The holidays are approaching – ushering in a frequently scary season for Montessori teachers. We often have conflicted feelings around holidays and events that occur in the larger culture – afraid that these distract children from their work, disrupt the calm and productive atmosphere in the environment, and are just plain bothersome to us. I’d like to propose changing those feelings and finding ways to see these popular culture events as positive elements in the environment and exploring ways to channel them in support of each child’s development.
Do you want to avoid succumbing to consumer madness during the holidays? Do you have a hard time thinking of meaningful gifts to give to family and friends? If so, here’s a list of thoughtful things you can do with or for loved ones without breaking the bank or camping out in a parking lot for three days.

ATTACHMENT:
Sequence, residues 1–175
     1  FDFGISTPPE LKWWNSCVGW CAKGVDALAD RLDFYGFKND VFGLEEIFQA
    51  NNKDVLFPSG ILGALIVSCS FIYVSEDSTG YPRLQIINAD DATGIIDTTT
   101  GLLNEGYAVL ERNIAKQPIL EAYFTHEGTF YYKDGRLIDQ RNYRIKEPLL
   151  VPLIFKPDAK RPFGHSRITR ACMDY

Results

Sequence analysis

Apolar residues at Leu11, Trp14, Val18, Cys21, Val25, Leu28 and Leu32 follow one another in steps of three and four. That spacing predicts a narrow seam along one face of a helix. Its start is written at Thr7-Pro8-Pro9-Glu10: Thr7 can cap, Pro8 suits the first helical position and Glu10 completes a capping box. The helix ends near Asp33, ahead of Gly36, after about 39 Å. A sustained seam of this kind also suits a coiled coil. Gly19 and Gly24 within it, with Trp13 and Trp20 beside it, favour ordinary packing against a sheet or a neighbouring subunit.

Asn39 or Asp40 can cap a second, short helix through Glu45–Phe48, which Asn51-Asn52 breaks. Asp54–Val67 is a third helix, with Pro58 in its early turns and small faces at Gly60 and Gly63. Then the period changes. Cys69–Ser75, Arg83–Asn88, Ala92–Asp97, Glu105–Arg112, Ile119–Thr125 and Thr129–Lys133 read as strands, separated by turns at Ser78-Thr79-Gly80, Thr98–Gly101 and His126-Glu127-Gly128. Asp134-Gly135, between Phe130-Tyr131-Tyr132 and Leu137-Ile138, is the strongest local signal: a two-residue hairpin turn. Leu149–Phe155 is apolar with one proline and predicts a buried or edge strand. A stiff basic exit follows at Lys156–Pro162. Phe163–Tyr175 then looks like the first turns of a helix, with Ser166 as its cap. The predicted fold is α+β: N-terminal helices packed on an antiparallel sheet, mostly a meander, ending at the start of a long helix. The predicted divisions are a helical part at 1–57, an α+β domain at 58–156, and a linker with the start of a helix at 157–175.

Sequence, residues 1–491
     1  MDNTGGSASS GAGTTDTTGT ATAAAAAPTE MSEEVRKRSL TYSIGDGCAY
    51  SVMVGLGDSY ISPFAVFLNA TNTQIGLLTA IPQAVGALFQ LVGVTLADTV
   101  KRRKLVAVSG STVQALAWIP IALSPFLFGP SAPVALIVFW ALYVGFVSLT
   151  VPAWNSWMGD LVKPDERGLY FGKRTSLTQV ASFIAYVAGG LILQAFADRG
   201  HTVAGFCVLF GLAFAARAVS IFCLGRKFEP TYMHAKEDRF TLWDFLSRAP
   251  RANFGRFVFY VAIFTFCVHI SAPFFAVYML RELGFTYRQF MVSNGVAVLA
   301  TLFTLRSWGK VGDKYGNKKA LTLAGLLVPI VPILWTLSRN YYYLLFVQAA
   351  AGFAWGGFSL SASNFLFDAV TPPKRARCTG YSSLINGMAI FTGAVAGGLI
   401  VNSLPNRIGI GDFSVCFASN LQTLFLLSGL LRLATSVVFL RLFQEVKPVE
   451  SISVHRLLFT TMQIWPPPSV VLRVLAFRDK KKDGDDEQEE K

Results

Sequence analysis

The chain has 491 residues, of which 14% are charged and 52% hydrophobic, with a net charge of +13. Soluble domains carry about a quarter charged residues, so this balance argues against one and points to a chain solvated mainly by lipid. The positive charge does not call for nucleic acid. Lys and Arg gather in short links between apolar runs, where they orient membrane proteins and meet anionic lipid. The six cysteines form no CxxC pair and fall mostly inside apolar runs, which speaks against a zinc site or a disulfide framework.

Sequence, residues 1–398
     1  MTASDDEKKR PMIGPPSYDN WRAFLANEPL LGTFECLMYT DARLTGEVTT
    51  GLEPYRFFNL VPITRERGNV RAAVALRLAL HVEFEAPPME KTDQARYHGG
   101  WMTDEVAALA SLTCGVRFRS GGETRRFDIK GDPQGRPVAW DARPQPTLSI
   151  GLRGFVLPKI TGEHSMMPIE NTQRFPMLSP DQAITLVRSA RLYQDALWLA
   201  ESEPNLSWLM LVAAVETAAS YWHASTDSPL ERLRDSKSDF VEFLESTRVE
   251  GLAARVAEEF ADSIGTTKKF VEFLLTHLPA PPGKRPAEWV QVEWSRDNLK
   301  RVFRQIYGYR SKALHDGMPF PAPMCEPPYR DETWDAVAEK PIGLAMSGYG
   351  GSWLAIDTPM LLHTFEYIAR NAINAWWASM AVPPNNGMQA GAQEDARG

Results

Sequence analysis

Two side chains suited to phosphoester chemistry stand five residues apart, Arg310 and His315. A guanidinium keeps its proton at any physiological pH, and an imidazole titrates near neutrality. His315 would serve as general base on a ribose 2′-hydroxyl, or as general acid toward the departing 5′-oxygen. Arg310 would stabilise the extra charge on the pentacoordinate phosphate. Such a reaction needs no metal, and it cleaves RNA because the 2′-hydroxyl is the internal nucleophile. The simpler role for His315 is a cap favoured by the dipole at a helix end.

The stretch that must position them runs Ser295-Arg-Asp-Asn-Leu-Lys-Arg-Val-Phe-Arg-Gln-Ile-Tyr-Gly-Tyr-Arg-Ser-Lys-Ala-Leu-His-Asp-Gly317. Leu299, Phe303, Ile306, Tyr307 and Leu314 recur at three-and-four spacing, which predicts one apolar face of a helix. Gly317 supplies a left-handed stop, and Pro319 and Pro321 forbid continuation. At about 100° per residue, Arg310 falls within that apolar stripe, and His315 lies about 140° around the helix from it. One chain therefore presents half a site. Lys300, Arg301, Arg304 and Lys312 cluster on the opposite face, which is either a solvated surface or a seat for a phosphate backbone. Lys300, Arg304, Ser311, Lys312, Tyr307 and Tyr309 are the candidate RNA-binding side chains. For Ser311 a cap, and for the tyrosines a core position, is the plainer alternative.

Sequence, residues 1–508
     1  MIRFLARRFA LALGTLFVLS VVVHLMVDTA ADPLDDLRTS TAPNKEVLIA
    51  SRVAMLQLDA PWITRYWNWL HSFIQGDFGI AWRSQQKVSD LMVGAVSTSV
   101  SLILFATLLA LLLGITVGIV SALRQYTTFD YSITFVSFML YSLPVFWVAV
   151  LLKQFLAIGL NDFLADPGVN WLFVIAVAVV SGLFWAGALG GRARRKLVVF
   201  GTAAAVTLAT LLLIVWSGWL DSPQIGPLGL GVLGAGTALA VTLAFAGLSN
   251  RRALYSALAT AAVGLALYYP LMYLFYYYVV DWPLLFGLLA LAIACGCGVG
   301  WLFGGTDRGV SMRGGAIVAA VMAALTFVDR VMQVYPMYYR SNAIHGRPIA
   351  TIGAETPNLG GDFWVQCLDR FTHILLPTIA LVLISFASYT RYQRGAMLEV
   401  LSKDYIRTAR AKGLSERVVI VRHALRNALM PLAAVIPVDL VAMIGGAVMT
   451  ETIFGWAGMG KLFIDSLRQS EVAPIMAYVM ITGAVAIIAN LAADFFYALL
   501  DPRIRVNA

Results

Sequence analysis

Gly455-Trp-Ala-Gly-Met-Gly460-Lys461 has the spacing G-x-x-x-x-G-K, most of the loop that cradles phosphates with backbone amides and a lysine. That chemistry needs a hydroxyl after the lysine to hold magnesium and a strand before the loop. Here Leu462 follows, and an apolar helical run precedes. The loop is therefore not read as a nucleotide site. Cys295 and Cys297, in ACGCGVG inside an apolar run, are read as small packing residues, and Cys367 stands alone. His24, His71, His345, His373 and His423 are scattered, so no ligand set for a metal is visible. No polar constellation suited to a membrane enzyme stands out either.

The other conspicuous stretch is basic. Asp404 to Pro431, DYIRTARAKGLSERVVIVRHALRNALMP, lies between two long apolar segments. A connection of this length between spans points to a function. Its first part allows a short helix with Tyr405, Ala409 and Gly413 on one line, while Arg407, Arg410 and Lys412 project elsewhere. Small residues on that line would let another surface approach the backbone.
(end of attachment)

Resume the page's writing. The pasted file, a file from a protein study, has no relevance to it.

Adele Diamond, Ph.D., neuroscientist, psychologist and educational innovator, is one of the world's leading researchers in developmental science--and a great advocate for Montessori. She studies how executive functions can be modified by the environment, modulated by genetics and neurochemistry, become derailed in certain disorders, and can be improved by effective programs and interventions.
Children in the second plane have what Montessori described as a “special sensitivity for the acquisition of culture.” This understanding was at the core of the discussion during Elise Huneke-Stone’s recent NAMTA workshop in Seattle: The “Practice Society.” Participants in this workshop looked at how the elementary classroom offers children an invaluable opportunity to use their reasoning minds and imaginations to explore how communities live, work, and create their own culture.
Marilena Henny-Montessori fondly recalls making gnocchi with her grandmother, Maria Montessori.